Measuring Investor Overcrowding
Are institutional investors mostly investing in the same securities at the same time? And can a better understanding of such crowding help investors?
With the recent news that Apple, Inc. has become the most widely held stock among both growth and value hedge funds, as well as growth mutual funds, it’s an opportune time to revisit the topic of investor crowding — and to explore some leading research published by Harvard Business School’s Kenneth A. Froot, based on one of the largest databases of buy-side investor positions.
As Froot pointed out in a 2011 appearance at the CFA Society of the U.K., researchers have built a whole variety of measures that help us understand what investors are doing. Working with a team from State Street Associates, the professor obtained access through State Street Global Advisors to custody data for about 25,000 underlying institutional portfolios. This data was then used to define concepts for measuring investor behavior.
For example, the team measured not only the flow of investor holdings but also the flow in relation to benchmarks and respective overweightings and underweightings, searching for what they call “measures of agreement,” or shared attributes. Figure 1 below shows the statistically significant levels of overcrowding in stocks that have relatively high commodity exposure, as well as undercrowding in inflation-exposed stocks, over the time period studied.
Figure 1: Overcrowding in Commodity Stocks and Undercrowding in Inflation Exposed Stocks 12/31/01 to 08/31/10.
Sources: State Street Associates.
Such an exercise surfaces a number of key methodological issues. For starters, evaluating such a large number of institutional portfolios and describing what is happening in the distribution involves using more subjective statistical analysis or “moments” than just simple averages or volatility.
Another point of concern is whether flows are “representative of real demand from buy-side investors in purchasing securities rather than just what is happening on the other side of the trade,” as Froot told members of CFA UK. In a secondary equity offering, for example, a company is forcing its shares into the market, which produces a supply shock that the buy side might be accommodating. “In flows, it is important to understanding the differences between a demand shock and a supply shock; both can involve frantic trading as well as varied responses to the price,” he cautioned.
Froot places research on overcrowding within the wider context of behavioral finance. Still, that may be of limited practical value to investors. Consider the housing market crash: Investors may have suspected that prices were due for a correction in the United States — and that such an event was inevitable — but could they have avoided the herding behavior?
On a more practical note, one takeaway from Froot’s research concerns investors’ responses to their own profit and losses on positions (P&Ls), which the professor and his team believe is measurable and potentially predictable. “With the huge amount of information we have on individual positions and the P&Ls that result from those positions,” Froot told the CFA UK audience, “the issue of when investors choose to take risk off or on a particular position becomes relevant.”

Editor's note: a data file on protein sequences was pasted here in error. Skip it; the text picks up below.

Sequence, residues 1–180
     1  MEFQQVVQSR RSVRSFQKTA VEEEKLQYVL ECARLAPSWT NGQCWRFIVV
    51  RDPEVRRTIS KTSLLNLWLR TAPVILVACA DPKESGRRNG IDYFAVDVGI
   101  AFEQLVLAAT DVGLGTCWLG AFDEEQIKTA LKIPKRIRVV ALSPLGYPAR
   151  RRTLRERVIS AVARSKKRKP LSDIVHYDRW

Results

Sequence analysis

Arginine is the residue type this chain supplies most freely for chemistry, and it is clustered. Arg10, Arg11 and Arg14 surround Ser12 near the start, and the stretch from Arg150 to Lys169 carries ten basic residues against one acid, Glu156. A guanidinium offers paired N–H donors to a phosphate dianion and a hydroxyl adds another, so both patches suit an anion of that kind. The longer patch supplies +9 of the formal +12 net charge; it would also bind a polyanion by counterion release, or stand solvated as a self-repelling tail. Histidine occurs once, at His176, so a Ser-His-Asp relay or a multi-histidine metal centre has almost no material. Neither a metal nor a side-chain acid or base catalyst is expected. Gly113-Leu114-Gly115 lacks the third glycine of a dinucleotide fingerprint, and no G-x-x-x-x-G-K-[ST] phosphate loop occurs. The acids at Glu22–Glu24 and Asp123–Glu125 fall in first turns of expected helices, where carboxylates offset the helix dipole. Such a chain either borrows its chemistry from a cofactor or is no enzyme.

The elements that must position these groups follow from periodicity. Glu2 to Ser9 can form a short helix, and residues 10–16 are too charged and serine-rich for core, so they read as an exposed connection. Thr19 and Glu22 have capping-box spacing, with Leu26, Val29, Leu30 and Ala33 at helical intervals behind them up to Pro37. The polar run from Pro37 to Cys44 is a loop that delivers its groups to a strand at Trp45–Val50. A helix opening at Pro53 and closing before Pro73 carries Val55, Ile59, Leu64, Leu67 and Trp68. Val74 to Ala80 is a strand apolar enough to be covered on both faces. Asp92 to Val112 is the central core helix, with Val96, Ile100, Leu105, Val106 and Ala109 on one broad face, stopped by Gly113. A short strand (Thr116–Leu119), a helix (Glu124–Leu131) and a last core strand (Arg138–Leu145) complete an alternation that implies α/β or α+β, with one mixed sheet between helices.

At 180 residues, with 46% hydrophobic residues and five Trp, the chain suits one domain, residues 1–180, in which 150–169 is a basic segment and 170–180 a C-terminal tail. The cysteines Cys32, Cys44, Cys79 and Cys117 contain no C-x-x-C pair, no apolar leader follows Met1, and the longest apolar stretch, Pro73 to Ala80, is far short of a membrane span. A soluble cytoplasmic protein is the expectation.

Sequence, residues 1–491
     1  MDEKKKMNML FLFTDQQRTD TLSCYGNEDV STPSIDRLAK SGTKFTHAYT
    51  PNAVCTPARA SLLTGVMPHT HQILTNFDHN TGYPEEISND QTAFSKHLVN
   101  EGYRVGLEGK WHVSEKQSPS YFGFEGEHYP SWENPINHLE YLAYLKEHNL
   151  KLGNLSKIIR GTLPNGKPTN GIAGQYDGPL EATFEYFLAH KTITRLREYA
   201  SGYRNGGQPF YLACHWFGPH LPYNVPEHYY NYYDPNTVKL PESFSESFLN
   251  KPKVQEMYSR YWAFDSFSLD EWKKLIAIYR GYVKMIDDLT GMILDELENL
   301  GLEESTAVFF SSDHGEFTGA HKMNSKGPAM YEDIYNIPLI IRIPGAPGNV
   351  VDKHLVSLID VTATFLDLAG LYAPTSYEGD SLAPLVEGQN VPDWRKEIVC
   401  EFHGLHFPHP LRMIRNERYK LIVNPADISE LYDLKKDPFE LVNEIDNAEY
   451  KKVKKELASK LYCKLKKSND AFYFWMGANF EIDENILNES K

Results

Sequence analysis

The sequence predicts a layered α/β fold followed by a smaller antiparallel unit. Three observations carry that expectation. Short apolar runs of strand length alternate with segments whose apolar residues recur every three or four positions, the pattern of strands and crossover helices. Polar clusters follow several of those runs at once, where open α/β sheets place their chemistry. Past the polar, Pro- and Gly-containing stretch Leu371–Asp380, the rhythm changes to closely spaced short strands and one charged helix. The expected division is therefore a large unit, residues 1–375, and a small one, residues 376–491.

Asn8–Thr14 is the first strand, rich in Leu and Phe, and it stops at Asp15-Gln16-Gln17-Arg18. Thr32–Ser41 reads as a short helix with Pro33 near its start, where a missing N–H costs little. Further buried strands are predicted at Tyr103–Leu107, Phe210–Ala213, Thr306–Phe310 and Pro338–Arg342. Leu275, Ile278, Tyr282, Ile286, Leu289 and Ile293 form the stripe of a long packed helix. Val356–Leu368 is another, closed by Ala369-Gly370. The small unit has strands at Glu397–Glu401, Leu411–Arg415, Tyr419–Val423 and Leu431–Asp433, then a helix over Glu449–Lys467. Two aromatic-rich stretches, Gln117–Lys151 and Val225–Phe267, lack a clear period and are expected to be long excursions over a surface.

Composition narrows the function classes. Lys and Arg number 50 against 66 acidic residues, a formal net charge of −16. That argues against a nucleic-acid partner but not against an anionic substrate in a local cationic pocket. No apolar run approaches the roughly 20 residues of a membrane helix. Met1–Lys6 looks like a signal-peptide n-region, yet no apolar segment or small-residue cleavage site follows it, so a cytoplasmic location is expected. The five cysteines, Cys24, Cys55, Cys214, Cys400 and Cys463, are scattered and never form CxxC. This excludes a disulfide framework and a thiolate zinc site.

Past investor P&Ls, he added, should not matter according to classical economics. But a large literature about retail investor behavior suggests that past P&Ls do in fact affect current performance. The “disposition effect” explains why retail investors tend to ignore their investment accounts when markets fall. When markets go up, retail investors tend to trade more frequently and make ill-timed trading decisions. Loss aversion suggests that investors have a stronger preference for avoiding losses than acquiring gains.
“Institutional investors are naturally on the other side of such trades, and their behavior is exactly the opposite because of necessary market equilibrium,” said Froot. “If retail investors are long an asset relative to a benchmark, then institutional investors must be short relative to that benchmark.”
On average, he said, institutions are better than retail investors at cutting risks when they first experience losses. “When the losses are no longer small,” Froot explained, “then they tend to sell very aggressively.”
Thus behavioral finance can help researchers determine which P&Ls in fact matter. “Is it the P&L on the position; on the portfolio level; among associated investors or styles of investing; on the current positions; or on the positions in place two to four days ago?” said Froot, demonstrating the breadth of possibilities. “All of these considerations can be tested.”
Froot and his team are now working through their database to begin to understand more about how investors frame their trading decisions. Among the many challenges is one that stands out as key in the context of fast-moving markets: creating a framework for forecasting future risk before the information on which it is based becomes outdated.